Sunday, February 15, 2009

Deep and Crisp and Even

Veronica wrote, “One of my coworkers commented the other morning that it was a crisp winter day. I got to wondering: why crisp?

It’s probably a figurative application of crisp meaning stiff and brittle. It has the force of brisk and bracing. Things are frozen and crunchy, and we speak of crisp air, too. This subset of meaning appeared in 1869.

The word has gone through many applications. In the original Latin, crispus referred to curly hair; the ringlets were stiff and tight. This was the original meaning in English in the 10th century. By the 14th century, the meaning had shifted to any surface that had waves, wrinkles, or ripples. Particularly, the word was applied to fabrics with a crêpe-like texture.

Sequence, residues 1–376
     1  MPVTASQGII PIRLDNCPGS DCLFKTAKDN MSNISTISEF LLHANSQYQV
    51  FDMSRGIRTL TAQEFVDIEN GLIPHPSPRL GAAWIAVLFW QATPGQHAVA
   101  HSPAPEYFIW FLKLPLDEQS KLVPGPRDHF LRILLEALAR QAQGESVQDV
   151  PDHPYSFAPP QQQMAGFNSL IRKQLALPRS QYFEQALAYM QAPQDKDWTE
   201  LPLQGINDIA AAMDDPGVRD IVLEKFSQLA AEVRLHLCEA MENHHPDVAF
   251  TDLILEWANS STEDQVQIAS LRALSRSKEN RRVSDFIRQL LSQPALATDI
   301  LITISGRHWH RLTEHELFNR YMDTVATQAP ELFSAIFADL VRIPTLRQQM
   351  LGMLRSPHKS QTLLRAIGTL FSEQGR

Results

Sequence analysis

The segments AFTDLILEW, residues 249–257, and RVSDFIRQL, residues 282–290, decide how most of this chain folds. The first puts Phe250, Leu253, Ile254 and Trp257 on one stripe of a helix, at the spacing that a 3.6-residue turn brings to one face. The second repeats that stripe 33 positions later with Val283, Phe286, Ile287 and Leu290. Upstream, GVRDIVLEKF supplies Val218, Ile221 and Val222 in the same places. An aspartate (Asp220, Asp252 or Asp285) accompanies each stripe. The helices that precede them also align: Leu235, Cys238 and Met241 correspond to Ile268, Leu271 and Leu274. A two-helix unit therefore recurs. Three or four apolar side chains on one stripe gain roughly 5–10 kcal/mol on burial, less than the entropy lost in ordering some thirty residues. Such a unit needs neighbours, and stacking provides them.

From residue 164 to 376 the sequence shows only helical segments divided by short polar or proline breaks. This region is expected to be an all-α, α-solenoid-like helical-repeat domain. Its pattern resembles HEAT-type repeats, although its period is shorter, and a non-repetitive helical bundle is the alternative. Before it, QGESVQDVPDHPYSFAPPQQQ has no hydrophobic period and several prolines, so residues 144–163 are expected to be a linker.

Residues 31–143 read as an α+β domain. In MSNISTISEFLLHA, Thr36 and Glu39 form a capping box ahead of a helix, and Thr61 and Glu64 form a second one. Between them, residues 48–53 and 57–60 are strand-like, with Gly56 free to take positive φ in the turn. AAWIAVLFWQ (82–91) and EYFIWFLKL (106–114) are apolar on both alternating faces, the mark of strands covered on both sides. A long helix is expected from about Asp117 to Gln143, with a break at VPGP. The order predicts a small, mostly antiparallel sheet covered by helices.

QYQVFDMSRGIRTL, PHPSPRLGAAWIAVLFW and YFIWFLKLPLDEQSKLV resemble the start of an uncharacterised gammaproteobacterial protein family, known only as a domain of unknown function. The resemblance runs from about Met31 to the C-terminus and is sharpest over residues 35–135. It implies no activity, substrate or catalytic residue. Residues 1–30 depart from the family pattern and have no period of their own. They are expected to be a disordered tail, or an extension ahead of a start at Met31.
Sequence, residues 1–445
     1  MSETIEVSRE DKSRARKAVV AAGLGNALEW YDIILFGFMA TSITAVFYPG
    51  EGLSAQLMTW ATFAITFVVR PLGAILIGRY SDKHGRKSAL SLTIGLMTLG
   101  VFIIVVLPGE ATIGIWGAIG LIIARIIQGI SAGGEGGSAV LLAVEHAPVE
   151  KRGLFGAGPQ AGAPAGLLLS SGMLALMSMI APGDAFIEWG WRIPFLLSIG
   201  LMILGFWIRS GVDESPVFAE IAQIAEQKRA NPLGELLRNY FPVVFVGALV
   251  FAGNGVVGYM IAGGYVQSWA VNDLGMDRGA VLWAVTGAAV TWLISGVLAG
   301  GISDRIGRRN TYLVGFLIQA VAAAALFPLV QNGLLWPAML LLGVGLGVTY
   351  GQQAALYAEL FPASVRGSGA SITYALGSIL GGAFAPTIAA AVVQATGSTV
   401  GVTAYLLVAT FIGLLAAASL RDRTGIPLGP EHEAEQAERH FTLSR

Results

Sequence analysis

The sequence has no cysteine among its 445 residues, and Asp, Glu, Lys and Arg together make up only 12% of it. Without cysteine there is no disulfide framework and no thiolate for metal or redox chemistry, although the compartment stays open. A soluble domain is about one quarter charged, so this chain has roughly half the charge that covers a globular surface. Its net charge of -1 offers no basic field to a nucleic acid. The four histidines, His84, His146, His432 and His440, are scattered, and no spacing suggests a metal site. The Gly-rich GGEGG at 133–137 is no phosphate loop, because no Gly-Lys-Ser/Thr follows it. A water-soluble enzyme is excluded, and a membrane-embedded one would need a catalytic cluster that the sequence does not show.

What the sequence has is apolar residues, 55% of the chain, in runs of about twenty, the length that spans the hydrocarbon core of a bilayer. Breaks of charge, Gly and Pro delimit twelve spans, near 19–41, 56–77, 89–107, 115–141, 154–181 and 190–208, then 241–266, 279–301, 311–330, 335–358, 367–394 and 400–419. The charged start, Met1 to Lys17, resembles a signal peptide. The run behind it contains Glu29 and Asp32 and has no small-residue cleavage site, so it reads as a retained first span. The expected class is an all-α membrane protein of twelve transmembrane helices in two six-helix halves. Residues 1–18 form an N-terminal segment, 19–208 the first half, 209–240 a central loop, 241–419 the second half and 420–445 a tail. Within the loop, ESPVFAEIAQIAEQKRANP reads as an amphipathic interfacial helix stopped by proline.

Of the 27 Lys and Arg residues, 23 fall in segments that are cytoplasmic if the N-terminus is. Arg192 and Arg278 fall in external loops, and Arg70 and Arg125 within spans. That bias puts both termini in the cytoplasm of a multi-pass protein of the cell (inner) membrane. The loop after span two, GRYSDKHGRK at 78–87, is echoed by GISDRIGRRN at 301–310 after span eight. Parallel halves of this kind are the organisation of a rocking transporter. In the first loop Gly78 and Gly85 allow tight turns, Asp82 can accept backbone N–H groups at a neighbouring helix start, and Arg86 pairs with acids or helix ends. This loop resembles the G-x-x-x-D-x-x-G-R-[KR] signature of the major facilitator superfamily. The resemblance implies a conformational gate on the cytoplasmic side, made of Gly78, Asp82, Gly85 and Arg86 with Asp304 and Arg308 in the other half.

By the 16th century, the word was used of brittle substances that are easily crushed by the teeth. In the 19th century, the meaning shifted to sharp, brisk, and decided in manner. A person could have a crisp touch on the piano, could deliver a crisp and decided speech, or could design crisp, detailed, and cleanly defined architecture.

In Britain, potato chips are potato crisps.

As an acronym, CRISP can refer to the Cambridge Racial Incident Support Project, the Centre for Remote Imaging Sensing & Processing, Computer Retrieval of Information on Scientific Projects, or Cross Registry Information Service Protocol.

SIDEBAR: Quentin Crisp Quotes

Now available from McFarland & Co.: Word Parts Dictionary, 2nd edition

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